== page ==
In December, German manufacturers Audi and BMW confirmed they would exit Formula E at the end of this year.

Mercedes announced a new strategic direction for its brand in July, with the aim of going all-electric by the end of the decade.

“As part of the new strategic direction, the brand has deliberately chosen to shift resources for this accelerated ramp-up of electrification, including the development of three electric-only architectures to be launched in 2025,” the carmaker said.

“Therefore, Mercedes will reallocate resource away from its ABB FIA Formula E World Championship programme and towards applying the lessons learned in competition to product development in series.” REUTERS

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Tokyo Hands Olympic Baton to Beijing but Virus and Boycott Calls Weigh



Tokyo Hands Olympic Baton to Beijing but Virus and Boycott Calls Weigh
Journalists watch a light show at the National Ski Jumping Center for the Beijing 2022 Winter Olympics in Zhangjiakou, in northern China’s Hebei province, in July. | AFP-JIJI
The focus immediately shifts to Beijing as the curtain falls on the Tokyo Olympics, with a growing coronavirus outbreak in China and boycott calls looming large just six months from the start of the Winter Games.
The Beijing 2022 Olympics are scheduled to take place from February 4 to 20, when the Chinese capital will become the first city to host a Winter and Summer Games.
New venues have been constructed and some from Beijing 2008, including the “Bird’s Nest” National Stadium, are being spruced up as China attempts to show the world its best face. The 2022 Games will be spread over three main zones Beijing, Yanqing and Zhangjiakou, which is about 180 kilometers (110 miles) northwest of the capital.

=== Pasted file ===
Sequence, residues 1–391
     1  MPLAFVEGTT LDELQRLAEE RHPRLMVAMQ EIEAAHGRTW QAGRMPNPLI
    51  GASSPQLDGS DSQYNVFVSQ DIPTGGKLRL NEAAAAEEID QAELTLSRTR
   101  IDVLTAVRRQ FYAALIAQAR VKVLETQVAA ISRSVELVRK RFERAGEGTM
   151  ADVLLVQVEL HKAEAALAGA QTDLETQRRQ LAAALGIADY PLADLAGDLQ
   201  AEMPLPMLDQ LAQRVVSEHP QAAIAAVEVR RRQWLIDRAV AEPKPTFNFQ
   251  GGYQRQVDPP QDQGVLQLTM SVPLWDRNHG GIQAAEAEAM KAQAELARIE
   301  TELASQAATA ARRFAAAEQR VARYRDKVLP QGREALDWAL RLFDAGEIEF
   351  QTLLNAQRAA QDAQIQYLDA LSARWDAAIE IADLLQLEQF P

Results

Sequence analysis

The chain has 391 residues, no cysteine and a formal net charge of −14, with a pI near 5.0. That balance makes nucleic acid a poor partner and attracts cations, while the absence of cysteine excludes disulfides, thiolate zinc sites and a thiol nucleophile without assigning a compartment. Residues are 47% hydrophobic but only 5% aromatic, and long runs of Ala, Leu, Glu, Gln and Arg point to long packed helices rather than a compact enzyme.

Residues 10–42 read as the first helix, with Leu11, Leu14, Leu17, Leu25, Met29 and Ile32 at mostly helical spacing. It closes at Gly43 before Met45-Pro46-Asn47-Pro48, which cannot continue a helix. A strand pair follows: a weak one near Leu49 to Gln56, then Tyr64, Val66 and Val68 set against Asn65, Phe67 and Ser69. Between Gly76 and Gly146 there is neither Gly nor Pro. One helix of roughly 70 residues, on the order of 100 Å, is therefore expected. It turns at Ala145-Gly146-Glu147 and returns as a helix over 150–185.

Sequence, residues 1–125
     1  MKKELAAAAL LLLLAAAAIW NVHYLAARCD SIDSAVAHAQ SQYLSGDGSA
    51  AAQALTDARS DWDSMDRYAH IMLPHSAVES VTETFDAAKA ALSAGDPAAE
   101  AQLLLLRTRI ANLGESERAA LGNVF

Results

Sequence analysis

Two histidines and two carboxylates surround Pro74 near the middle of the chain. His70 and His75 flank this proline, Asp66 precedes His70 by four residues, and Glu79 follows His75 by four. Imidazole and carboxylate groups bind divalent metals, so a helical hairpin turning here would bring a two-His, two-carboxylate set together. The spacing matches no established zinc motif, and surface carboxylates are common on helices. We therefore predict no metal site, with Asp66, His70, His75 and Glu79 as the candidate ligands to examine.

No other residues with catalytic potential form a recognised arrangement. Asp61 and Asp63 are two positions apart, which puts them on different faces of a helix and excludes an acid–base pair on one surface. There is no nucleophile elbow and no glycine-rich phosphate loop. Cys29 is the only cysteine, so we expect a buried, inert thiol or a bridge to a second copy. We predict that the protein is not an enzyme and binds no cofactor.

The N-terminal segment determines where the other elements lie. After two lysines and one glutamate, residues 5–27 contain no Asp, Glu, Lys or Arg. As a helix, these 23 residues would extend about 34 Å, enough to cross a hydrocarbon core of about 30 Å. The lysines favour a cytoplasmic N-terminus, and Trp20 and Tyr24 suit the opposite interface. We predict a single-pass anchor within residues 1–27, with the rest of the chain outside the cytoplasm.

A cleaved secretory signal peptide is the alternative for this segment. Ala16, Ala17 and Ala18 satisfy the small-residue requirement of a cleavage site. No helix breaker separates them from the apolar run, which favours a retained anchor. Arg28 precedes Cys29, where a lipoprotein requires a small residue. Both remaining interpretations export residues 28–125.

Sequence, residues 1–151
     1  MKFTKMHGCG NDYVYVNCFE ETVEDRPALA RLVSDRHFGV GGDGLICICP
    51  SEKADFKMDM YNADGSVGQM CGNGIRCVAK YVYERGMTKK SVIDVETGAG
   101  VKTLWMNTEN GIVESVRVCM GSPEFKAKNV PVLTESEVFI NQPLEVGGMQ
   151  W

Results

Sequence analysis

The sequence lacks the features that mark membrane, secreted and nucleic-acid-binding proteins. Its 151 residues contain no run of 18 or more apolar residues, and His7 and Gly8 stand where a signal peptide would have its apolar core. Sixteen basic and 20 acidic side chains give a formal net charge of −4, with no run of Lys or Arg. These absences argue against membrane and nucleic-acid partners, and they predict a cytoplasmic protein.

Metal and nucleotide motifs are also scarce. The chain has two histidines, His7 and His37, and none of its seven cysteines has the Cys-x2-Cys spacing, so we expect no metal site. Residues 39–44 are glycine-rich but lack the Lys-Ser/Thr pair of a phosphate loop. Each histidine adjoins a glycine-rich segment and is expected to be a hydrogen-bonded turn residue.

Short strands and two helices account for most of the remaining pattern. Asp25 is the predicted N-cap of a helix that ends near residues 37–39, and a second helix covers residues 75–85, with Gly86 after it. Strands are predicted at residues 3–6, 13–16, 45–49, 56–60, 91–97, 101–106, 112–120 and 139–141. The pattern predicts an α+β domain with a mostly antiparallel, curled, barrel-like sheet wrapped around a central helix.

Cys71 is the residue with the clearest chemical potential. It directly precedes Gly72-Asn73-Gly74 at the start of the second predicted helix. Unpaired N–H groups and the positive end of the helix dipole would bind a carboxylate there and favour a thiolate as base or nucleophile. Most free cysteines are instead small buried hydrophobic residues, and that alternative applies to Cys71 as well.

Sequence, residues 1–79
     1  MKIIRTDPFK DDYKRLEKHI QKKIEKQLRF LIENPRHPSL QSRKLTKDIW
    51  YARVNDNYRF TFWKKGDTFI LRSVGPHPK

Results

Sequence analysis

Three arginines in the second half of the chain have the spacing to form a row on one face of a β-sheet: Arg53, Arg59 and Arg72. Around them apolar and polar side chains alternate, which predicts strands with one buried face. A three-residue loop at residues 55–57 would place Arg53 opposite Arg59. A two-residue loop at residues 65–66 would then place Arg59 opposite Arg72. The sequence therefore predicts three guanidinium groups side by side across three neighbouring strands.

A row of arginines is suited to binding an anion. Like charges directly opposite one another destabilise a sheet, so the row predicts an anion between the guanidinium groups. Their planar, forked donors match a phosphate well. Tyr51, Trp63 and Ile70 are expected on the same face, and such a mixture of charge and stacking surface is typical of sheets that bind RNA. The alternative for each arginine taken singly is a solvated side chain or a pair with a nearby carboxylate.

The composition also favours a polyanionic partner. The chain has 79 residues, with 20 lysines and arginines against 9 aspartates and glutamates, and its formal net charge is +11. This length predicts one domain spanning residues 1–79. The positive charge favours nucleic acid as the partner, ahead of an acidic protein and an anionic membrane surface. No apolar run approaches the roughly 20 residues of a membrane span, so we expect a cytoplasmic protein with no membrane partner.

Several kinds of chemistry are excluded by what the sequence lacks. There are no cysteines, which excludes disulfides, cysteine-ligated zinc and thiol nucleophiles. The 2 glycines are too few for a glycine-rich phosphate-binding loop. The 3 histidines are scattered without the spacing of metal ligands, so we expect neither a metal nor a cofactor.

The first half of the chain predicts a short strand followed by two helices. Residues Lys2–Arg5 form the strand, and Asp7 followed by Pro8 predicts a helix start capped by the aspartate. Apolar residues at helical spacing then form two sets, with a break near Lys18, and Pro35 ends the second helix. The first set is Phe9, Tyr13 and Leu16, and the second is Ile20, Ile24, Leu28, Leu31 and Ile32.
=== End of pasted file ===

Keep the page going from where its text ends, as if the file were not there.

A high-speed train will connect the three hubs. All competition venues were completed several months ago and the Chinese government has been keen to assert that preparations have successfully ploughed on despite the coronavirus pandemic.
But just as Beijing 2022 swings into view, China is now facing its largest virus outbreak in months, even if infection numbers are still low compared with many other countries. Another headache for the Beijing Olympics and China’s ruling Communist Party is sustained calls from activists, the Uyghur diaspora and some Western politicians for a boycott over the country’s rights record, especially the fate of Muslim minorities.
China, where Covid-19 emerged towards the end of 2019, already had some of the world’s strictest containment measures and is ramping them up further in the capital. People flying into China from abroad must quarantine for between two and three weeks in a hotel, and it is unclear if the thousands of athletes, team officials, media and others coming to the Games will have to do likewise.
Tokyo model?
Bo Li, assistant professor of sports management at Miami University in Ohio, said Beijing 2022 organizers should take their cue from Tokyo in handling the virus threat. There were concerns there would be mass infections among participants in Japan but while there have been cases, the worst fears have not materialized.
The International Olympic Committee (IOC) and local organizers insisted on testing everyone involved before and regularly during the Games, and keeping athletes away from the public. Spectators have also been barred from most events at Tokyo 2020 it is unclear whether Beijing 2022 will follow suit. “Overall the strategy that has been used by Tokyo has been pretty successful and I think Beijing will duplicate something very similar,” said Bo Li, adding that he was “curious” about what China would do with its current strict quarantine procedures.